The Exhortation in the 1928 Book of Common Prayer states, “Dearly beloved in the Lord, ye who mind to come to the Holy Communion of the Body and Blood of our Saviour Christ, must consider how Saint Paul exhorteth all persons diligently to examine themselves, before they presume to eat of that Bread, and drink of that Cup. For as the benefit is great, if with a true penitent heart and lively faith we receive that holy Sacrament; so is the danger great, if we receive the same unworthily. Judge therefore yourselves, brethren, that ye be not judged of the Lord; repent you truly of your sins past; have a lively and steadfast faith in Christ our Saviour; amend your lives, and be in perfect charity with all men; so shall ye be meet partakers of those holy mysteries.”
Christ gave up His life to heal and redeem our bodies and souls. The Sacrament of the Eucharist is a foretaste of the full healing and redemption that awaits us when Christ returns to make all things new. Therefore as the Exhortation reminds us, we are not to approach the Sacrament of the Eucharist flippantly or lightly. This means that we must prepare our hearts and minds to participate in these divine mysteries. We do this in a couple of ways.
First, we are to quiet ourselves before the service by mediating upon the scriptural readings for the day and by offering silent prayers to God such as the Lord’s Prayer. This requires that you arrive a little early for the service and save your socializing until after the service concludes. There is a time for God’s people to socialize, but it is not when we are preparing to come before Him at His altar.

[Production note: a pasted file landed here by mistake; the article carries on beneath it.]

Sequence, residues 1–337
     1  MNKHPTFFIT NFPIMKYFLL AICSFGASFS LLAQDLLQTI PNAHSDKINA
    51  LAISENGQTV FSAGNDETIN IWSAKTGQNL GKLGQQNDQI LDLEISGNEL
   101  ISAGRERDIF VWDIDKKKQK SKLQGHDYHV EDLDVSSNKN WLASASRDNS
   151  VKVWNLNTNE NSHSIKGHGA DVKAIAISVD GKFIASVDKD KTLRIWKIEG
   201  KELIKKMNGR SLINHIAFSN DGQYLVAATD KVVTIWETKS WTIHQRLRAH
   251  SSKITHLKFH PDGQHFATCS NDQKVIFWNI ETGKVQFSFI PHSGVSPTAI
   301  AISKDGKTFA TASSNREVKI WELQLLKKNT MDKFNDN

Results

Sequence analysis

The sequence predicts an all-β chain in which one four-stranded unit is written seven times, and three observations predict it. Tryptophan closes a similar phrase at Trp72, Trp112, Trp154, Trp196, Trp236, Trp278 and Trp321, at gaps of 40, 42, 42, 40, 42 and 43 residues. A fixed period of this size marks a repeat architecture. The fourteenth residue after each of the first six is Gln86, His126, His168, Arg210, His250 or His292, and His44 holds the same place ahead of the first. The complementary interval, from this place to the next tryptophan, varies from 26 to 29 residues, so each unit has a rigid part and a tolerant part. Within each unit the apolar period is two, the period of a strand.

I have observed that oftentimes, when people visit Anglican services, the reverence that they encounter in the liturgy strikes a cord in their hearts. This is because of the peace and calm that come from being in the presence of the Lord. Therefore, if we are going to enter into God’s presence and hear what He wants to tell us through His Word and Sacrament, would it not stand to reason that we must be still and know that He is God (Psalm 46:10) before the service begins?
Another way that we prepare ourselves to participate in the divine mysteries of the Holy Eucharist is by openly examining our hearts to see whether or not we have “truly and earnestly repented all our sins, are in love and charity with our neighbors,” and are leading lives which are glorifying and pleasing to God and are edifying to others. Of course, there is a time in our service in which we make our general confession to God and this is an important and necessary element in our
liturgical worship. However, prior confession of any known sin is also necessary to
open our hearts and minds to clearly hear God’s voice in the liturgy and to receive the Sacrament worthily. This prior confession allows us to come to the altar of God with a full trust in His mercy and a quiet conscience.
However, sometimes this prior silent confession before the Lord is not enough to quiet our consciences. This is especially true in cases where we have committed grievous, mortal sins. In these cases we are to do as the 1928 BCP tells us on page 88. If by these means a person cannot quiet his own conscience, “but requireth further comfort or counsel, let him come to the Minister of God’s Word, and open his grief; that he may receive such godly counsel and advice, as may tend to the quieting of his conscience, and the removing of all scruple and doubtfulness.” This is referring to the Sacrament of Confession and Penance. If you are struggling with a sin or hindrance that is troubling your conscience, I exhort you to make use of this Sacrament given by our Lord Jesus Christ to cleanse you and your sins and restore your hearts and minds to a state of peace that comes from knowing the love of God, and His Son Jesus Christ our Lord.
An Instructional Commentary for the Order of Holy Communion
by Rt. Rev. Ray Sutton (2008)
The Book of Common Prayer (1928)
The Oxford Prayer Book Commentary by Massey H. Shepherd (1950)